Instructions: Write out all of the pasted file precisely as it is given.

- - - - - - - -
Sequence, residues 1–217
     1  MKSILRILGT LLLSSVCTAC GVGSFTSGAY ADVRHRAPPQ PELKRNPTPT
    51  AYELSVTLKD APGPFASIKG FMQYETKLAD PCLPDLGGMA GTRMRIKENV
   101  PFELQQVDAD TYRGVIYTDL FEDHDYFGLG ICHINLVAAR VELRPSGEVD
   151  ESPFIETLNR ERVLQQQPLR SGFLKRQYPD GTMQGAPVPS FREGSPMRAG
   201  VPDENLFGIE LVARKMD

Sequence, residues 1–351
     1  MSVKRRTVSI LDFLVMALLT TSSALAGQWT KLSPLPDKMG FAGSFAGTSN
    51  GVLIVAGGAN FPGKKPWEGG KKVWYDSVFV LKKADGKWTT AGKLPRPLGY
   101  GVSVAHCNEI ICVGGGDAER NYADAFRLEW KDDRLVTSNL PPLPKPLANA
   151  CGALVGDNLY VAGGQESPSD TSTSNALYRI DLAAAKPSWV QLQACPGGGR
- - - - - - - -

Sequence, residues 1–217
     1  MKSILRILGT LLLSSVCTAC GVGSFTSGAY ADVRHRAPPQ PELKRNPTPT
    51  AYELSVTLKD APGPFASIKG FMQYETKLAD PCLPDLGGMA GTRMRIKENV
   101  PFELQQVDAD TYRGVIYTDL FEDHDYFGLG ICHINLVAAR VELRPSGEVD
   151  ESPFIETLNR ERVLQQQPLR SGFLKRQYPD GTMQGAPVPS FREGSPMRAG
   201  VPDENLFGIE LVARKMD

Sequence, residues 1–351
     1  MSVKRRTVSI LDFLVMALLT TSSALAGQWT KLSPLPDKMG FAGSFAGTSN
    51  GVLIVAGGAN FPGKKPWEGG KKVWYDSVFV LKKADGKWTT AGKLPRPLGY
   101  GVSVAHCNEI ICVGGGDAER NYADAFRLEW KDDRLVTSNL PPLPKPLANA
   151  CGALVGDNLY VAGGQESPSD TSTSNALYRI DLAAAKPSWV QLQACPGGGR